Turkish workers’ unions issued a joint statement Tuesday on the current minimum wage negotiations, saying that the minimum wage that is to be effective as of Jan. 1, 2022, should be determined after considering recent developments in the national economy.
The joint statement was made by Confederation of Turkish Labor Unions (Türk-Iş) head Ergün Atalay, Confederation of Turkish Real Trade Unions (Hak-Iş) Chairperson Mahmut Arslan and Confederation of Progressive Trade Unions of Turkey (DISK) General Manager Arzu Çerkezoğlu.
The statement noted that the conditions of setting a minimum wage are that it should make it possible for a worker and their family to “live humanely” according to the economic and social conditions of the day, and that “it has to be compatible with human dignity.”
“With this aspect, the minimum wage is the minimum income necessary for a person to live and survive,” it said, however, according to the International Labor Organization (ILO) constitution “a wage that only provides for the living of the worker and their family is not enough to live humanely. But the worker must have enough wages to live humanely.”
The three workers' confederations in the country thus shared their demands for a minimum wage worthy of human dignity.
“It is of great importance that the minimum wage, which is the main problem of a significant part of non-unionized workers, is decided in line with the principles we have determined and defended,” it noted.
The statement stressed that the work on determining the minimum wage closely and directly concern not only wage earners but also the entire society.
“It covers a wide range of areas such as minimum living allowance, unemployment benefits, short-term working allowance, disability and old-age pensions, care assistance, general health insurance, private pensions, social security borrowing, determination of social security lower and upper premiums, etc.,” it said and noted that an "extraordinary fluctuation in exchange rates recently and the surge in prices of basic goods and services, especially food and rent have reduced the purchasing power of wage earners who have no income other than that from their labor.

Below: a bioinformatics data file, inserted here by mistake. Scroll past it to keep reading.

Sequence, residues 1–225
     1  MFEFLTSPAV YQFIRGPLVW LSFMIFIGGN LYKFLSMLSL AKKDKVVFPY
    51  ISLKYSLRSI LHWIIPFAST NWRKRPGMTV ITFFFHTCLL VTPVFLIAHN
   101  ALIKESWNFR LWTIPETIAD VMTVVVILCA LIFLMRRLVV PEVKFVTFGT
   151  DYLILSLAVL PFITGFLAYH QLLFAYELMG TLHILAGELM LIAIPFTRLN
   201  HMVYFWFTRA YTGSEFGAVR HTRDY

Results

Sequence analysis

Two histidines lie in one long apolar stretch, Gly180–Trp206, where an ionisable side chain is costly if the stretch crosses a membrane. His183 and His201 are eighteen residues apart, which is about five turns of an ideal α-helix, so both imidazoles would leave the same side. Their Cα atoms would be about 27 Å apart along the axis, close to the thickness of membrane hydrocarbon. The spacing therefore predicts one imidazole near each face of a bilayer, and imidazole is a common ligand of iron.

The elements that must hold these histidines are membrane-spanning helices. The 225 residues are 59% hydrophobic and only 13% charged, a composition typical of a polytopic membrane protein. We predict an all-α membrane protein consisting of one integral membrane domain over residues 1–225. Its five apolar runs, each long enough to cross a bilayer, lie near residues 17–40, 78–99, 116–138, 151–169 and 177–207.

“Therefore, it is our common opinion that the minimum wage to be valid in 2022 should be determined in a way that will ensure a decent living standard, taking into account the developments in the economy,” it said.
Most recently, one of the top business associations in Turkey voiced its support for a hike for the minimum wage above inflation to ease pressures on households stemming from a rise in consumer prices.
Mahmut Asmalı, the newly elected chairperson of the Independent Industrialists and Businesspersons Association (MÜSIAD), said on Nov. 9 that the minimum wage increase to be determined for 2022 should “definitely” be above the year-end inflation rate.
The private sector sides with the increase; however, it should be implemented by reducing some of the minimum wage tax burdens on the employer, Asmalı told a press meeting in Istanbul.
His remarks come a week after it was reported that the government is planning a fiscal stimulus program to support citizens with measures such as increasing the minimum wage, relief on energy costs and raising salaries for some civil servants.
The annual inflation rate rose to 19.89% year-on-year in October, according to official data, driven by food, services, housing and transportation prices, reflecting in part soaring world energy prices.
The country’s central bank last month raised its year-end inflation forecast to 18.4% from 14.1%, in an upgrade driven by higher import costs and food prices.
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